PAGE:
Two weeks in and things haven’t gone as planned for the Edmonton Oilers. While many pegged them as a Stanley Cup contender, they’ve stumbled after their shutout win against Calgary on opening night.
What’s concerning about the Oilers and how much should fans worry? Is this just a slow start or a result of a greater problem? Let’s take a look.

Their 1-3 Record

Concern Level: Medium

The Oilers are 1-3 and fans are starting to panic. The good news is it’s four games. A win against Carolina Tuesday and Chicago Thursday puts them back at .500 and everyone can breathe. The bad news is Carolina looks like an improved team with Scott Darling in net and a mobile defence, while Chicago is second in the league in goals scored.
Edmonton has seen their season disappear in October in recent years, so it’s understandable to see fans getting a bit nervous, but this time might be different. Despite their three losses, the Oilers are first in terms of 5-on-5 Corsi for% (shot attempts for/against) at 59.56% with a 4.03% shooting percentage. That’s not going to last. If the Oilers can continue to generate shots like they are then the goals and saves might follow, but that’s a fairly big if. Small sample sizes like this one mean it could just as easily go the other way.
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Cam Talbot

Apr 12, 2017; Edmonton, Alberta, CAN; Edmonton Oilers goaltender Cam Talbot (33) makes a save during warmup against the San Jose Sharks in game one of the first round of the 2017 Stanley Cup Playoffs at Rogers Place. Mandatory Credit: Perry Nelson-USA TODAY Sports

Concern Level: Low

Cam Talbot is the least of the Oilers’ worries. After shutting out the Flames in their first game, Talbot’s been pulled twice and now has a .896 save percentage on the year.
Talbot has been great since arriving in Edmonton, even with a small adjustment period to start, his last two seasons feature .917 and .919 save percentages. He’s better than this and will likely improve.
Even with Talbot’s struggles, Laurent Brossoit looked good in his two relief appearances against Vancouver and Ottawa and could be an option if Talbot doesn’t return to previous levels.

Secondary Scoring

May 7, 2017; Edmonton, Alberta, CAN; Edmonton Oilers forward Milan Lucic (27) watches a shot from forward Leon Draisaitl (not pictured) get past Anaheim Ducks goaltender John Gibson (36) during the first period in game six of the second round of the 2017 Stanley Cup Playoffs at Rogers Place. Mandatory Credit: Perry Nelson-USA TODAY Sports

Concern Level: High

Connor McDavid’s line is always a good bet to dominate. That’s never been the problem. It’s the scoring when McDavid is on the bench that’ll help transition the Oilers into true contenders, but where will those goals come from?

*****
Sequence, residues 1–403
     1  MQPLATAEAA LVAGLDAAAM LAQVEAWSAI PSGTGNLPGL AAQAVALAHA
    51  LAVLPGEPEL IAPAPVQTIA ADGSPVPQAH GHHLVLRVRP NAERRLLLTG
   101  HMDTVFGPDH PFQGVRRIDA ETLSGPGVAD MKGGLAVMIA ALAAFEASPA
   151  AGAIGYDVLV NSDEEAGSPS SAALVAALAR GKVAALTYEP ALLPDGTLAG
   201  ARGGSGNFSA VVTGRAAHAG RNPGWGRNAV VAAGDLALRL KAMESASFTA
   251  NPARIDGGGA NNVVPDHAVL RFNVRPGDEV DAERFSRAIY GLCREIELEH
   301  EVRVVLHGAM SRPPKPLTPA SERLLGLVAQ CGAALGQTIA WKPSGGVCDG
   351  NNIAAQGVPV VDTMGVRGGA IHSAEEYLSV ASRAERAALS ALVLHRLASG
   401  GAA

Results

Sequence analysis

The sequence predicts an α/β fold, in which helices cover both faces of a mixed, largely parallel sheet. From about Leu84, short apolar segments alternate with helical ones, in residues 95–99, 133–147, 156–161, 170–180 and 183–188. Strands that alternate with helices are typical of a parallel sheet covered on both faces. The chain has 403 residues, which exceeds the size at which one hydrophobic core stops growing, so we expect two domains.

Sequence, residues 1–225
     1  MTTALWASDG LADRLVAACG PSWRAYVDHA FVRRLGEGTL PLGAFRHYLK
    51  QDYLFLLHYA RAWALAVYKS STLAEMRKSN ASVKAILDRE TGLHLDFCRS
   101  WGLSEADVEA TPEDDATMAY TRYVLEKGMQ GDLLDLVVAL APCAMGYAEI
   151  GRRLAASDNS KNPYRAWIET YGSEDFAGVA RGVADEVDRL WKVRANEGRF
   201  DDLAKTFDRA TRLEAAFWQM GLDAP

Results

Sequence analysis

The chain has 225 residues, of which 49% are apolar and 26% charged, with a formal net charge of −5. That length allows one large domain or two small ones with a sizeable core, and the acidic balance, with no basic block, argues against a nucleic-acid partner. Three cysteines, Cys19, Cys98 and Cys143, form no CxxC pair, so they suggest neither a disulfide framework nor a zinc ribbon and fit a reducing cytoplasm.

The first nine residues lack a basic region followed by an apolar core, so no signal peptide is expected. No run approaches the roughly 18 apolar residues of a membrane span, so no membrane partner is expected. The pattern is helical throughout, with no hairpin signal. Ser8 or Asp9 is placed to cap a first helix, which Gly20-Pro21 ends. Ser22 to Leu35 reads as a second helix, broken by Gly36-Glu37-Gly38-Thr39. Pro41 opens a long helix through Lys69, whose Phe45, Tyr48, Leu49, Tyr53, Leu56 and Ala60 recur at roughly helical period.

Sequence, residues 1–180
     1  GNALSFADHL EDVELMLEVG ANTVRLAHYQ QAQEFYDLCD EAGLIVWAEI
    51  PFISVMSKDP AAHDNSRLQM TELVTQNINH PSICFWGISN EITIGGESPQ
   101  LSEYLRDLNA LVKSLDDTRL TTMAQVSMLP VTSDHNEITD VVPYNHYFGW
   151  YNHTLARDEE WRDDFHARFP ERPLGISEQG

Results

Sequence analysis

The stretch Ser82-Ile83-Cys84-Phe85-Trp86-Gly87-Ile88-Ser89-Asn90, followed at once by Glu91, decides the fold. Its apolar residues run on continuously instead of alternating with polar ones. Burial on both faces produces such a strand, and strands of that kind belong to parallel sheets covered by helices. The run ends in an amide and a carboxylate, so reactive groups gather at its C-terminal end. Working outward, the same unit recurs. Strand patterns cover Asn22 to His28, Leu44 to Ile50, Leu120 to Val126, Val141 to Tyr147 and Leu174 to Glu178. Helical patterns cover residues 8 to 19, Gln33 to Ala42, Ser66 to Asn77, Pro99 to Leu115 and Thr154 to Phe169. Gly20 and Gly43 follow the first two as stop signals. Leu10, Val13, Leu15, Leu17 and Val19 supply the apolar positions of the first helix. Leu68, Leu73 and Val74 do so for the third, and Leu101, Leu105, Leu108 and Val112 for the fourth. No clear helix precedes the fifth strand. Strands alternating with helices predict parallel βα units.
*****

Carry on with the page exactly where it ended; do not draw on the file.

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So far, the Oilers have two 5-on-5 goals without McDavid on the ice. If the Oilers plan to load up McDavid’s line with Leon Draisaitl, then it’s up to Ryan Nugent-Hopkins, Milan Lucic, and Ryan Strome to provide secondary scoring. Darcy McLeod (a.k.a. Woodguy) had a nice thread on Twitter about this here. The Oilers will miss Jordan Eberle and his 50+ points, many of which were scored without McDavid, especially if Ryan Strome can’t be much more than a depth centre/winger and Milan Lucic can’t recover his 5-on-5 scoring.
A shallow right-wing means the Oilers will rely on McDavid even more this season. Splitting up McDavid and Draisaitl could give the Oilers a more balanced attack, something McLellan tried at times in Winnipeg and Vancouver, but couldn’t against Ottawa due to Draisaitl’s injury.
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The Second Pairing

Apr 16, 2017; San Jose, CA, USA; San Jose Sharks right wing Melker Karlsson (68) stumbles trying to get the puck as Edmonton Oilers defenseman Kris Russell (4) watches in the third period of game three in the first round of the 2017 Stanley Cup Playoffs at SAP Center at San Jose. The Oilers won 1-0. Mandatory Credit: John Hefti-USA TODAY Sports

Concern Level: Flames Ownership Having to Privately Fund their Arena High

The Oilers were left with a giant hole when Andrej Sekera got hurt against Anaheim in last year’s playoffs. General manager Peter Chiarelli chose to re-sign Kris Russell and bet on young defenders Matt Benning and Darnell Nurse to hold the fort while Sekera recovers, and well, that hasn’t gone as planned.
The Russell-Benning struggled after opening night, and Russell probably isn’t suited to anchor the second pairing on his own. That leaves Nurse or Eric Gryba as options to elevate, but neither is optimal.
Unfortunately, there isn’t much that can be done in terms of acquisitions. Top four defencemen usually aren’t moved mid-season, and the only ones available now are the ones Vegas chose in the expansion draft but don’t want to waive. Edmonton needs more help than a Jon Merrill or Griffin Reinhart.
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Edmonton could lean on Oscar Klefbom and Adam Larsson more and limit the ice time of the other pairings. Klefbom’s averaging a career-high 23:25 minutes a game, while Larsson’s only at 20:50. If Todd McLellan can push them to 23-25 minutes a game, that means fewer minutes for a shaky second pairing.